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by John Roberts

Here is a most welcome appearance.

In 1993 Prof. Glossop published his book under this title and now, it has been translated into the international language as Monda Federacio?. As an inveterate user and writer in Esperanto he has brought the

book up to date with a chapter to cover the past eight years. That, and the accomplished work of the English translator, John Rapley, have produced a most useful addition to the literature, probably unique, since despite the tradition of Lanti and other non-nationally minded writers, there has been nothing in the international language previously covering the whole question of world government.

So the book is doubly welcome, since it is an able and erudite discussion of the need and possibilities of transforming the planets government and thereby making peace possible, something not available with any other mooted avenue of change. Esperantists are natural internationalists, and potential world citizens, but like all of us, most of them have been brought up in nationalist communities, blinkered by the traditions of militarism and national barriers that are presumed to be god-given or eternal. They need, like all of us, to shed the political and social preconceptions that blind us to the urgent needs of the time. Now, at least, they have an opportunity of seeing the arguments laid out in a language that they can follow, even if they themselves continuing to belie the hoary old canard that "everybody speaks English."

The importance of these past eight years becomes evident in reading of the changes that have occurred, from the enlargement of the European Community and its transformation into the Union to the imminent creation of a permanent International Criminal Court as well as the highly significant ratification of the Law of the Sea convention. Professor Lucio Levi is rightly quoted in his analysis of the crucial example of Europe for the unification of the world, although one could wish that it was more rapid and had fewer backslidings. Nevertheless, there is a steady process of growth and integration that cannot be ignored or gainsaid and we can feel confident that Europe, by uniting such a mix of languages, traditions and former hostilities, is showing the way to the eventuality of world federation.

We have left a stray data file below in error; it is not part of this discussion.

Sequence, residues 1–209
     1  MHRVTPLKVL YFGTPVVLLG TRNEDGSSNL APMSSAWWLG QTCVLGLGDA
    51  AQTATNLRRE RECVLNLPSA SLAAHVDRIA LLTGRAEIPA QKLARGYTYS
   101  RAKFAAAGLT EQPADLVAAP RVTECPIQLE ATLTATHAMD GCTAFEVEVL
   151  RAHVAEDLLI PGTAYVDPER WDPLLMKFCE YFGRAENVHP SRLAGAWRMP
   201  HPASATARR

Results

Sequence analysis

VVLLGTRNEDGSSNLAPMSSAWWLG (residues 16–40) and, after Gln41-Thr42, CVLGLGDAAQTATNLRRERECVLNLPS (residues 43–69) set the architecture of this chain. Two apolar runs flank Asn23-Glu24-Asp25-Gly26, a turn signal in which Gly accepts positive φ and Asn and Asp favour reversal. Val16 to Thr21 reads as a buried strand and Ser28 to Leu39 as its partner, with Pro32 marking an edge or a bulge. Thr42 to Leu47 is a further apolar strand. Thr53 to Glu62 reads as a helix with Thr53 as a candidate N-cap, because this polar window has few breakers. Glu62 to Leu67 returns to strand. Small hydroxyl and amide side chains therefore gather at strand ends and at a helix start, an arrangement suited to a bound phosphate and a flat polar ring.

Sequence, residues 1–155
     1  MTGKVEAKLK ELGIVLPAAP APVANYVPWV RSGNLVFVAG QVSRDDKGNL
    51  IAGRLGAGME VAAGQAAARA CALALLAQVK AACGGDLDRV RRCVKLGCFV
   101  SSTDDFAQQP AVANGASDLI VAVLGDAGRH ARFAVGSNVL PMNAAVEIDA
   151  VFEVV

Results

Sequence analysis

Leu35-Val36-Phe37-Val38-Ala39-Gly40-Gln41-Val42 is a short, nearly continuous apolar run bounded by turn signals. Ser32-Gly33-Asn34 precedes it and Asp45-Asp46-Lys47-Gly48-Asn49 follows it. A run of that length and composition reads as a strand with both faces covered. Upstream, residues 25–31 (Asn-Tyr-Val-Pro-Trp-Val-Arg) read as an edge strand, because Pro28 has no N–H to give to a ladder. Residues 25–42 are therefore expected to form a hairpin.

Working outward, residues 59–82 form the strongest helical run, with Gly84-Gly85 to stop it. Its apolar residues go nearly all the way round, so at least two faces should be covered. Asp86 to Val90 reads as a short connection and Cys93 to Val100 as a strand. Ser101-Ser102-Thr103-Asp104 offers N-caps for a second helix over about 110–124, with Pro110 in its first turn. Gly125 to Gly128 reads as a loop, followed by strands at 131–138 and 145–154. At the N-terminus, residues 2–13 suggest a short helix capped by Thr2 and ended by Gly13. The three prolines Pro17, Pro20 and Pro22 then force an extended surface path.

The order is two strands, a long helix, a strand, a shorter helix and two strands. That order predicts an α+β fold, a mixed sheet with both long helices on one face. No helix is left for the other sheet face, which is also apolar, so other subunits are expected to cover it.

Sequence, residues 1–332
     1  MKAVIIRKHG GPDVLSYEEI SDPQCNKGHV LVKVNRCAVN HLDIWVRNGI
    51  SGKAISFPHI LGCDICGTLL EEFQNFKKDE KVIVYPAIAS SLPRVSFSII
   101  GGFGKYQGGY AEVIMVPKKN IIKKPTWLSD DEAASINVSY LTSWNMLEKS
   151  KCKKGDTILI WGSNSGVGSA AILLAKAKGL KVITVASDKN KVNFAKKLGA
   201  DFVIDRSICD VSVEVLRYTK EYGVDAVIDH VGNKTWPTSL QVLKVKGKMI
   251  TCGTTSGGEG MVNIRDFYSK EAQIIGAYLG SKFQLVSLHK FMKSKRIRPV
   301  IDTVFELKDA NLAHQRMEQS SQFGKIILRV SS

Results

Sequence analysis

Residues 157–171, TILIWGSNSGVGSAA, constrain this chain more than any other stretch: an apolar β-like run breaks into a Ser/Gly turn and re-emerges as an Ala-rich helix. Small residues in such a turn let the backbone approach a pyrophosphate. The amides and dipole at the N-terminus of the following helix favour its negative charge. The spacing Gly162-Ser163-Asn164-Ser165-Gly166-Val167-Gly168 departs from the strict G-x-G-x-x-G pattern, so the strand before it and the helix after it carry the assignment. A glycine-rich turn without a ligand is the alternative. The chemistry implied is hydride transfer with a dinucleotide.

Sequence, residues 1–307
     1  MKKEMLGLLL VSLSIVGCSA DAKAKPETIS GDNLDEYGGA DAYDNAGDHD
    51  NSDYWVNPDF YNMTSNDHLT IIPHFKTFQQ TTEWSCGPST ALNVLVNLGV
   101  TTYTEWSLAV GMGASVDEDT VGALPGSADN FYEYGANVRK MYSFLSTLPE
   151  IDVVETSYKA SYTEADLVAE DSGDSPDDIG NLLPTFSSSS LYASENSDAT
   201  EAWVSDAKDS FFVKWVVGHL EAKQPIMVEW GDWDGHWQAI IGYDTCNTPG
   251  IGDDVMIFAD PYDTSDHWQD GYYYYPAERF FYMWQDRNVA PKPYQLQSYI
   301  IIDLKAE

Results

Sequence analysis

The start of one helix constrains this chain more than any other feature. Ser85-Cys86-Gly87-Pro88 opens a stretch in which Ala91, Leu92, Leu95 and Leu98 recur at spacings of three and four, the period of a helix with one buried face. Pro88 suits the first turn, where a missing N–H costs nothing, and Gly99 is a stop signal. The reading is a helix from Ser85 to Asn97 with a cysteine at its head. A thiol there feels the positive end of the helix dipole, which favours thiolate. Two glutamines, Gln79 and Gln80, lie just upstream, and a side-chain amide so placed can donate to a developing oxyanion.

The insistence upon the importance of the imminent international criminal court is noteworthy - and accurate - for that will pave the way to a complete transformation of the global political scene.

Once the International Criminal Court is available, the recourse of the United States to armed force, as has happened after September 11th, will no longer be as automatic or acceptable, even within the States, because an alternative will be on offer, giving the possibility of settlement of the most urgent quarrels by peaceful and legal means. Such a route will be increasingly tempting to a world that sees daily the disasters attendant upon the methods of war that are still prepared for and too often used.

Here it is ironic that an article from Le Monde prophesies that the war in Kosovo has spelt just such an end to old-fashioned recourse ot war. Because in future, say the author, the United Nations will have to undertake global policing and not leave such work to NATO. Instead, at the moment, we have the spectacle of the U.S. doing just that, with the British acting as the lone rider from the NATO stable and a 'coalition' of more or less supporting states remaining well in the background.

Officially, Esperanto has been one of the languages of the World Federalist Movement since 1977, but that is honored more in the breach than in the observance.

However, I did take a message from the movement to the Universala Kongreso in Finland a few years ago. Now, to forward what is being done by works such as the one under review, there will be at least one meeting at next year's world federalist Congress in London both for Esperantists and other federalists. That will be an opportunity to bring Esperantists together into a real coalition for peace and enable federalists to better understand the crucial necessity of language reform for the sake of global democracy.

Ron Glossop concludes this new edition by discussing recent writing on the whole subject and giving a useful account of the anti-globalization movement. This is an effective way of bringing the whole subject up to date and would also be useful for federalists not proficient in Esperanto (as they probably ought to be). An English speaker of the language, who died this year, used to remark that an Esperantist was an internationalist who meant it; and that description is not an inaccurate one.

However, we must hope the readers of this new translation will appreciate that internationalism is not enough: they need also to understand the need for World federation.





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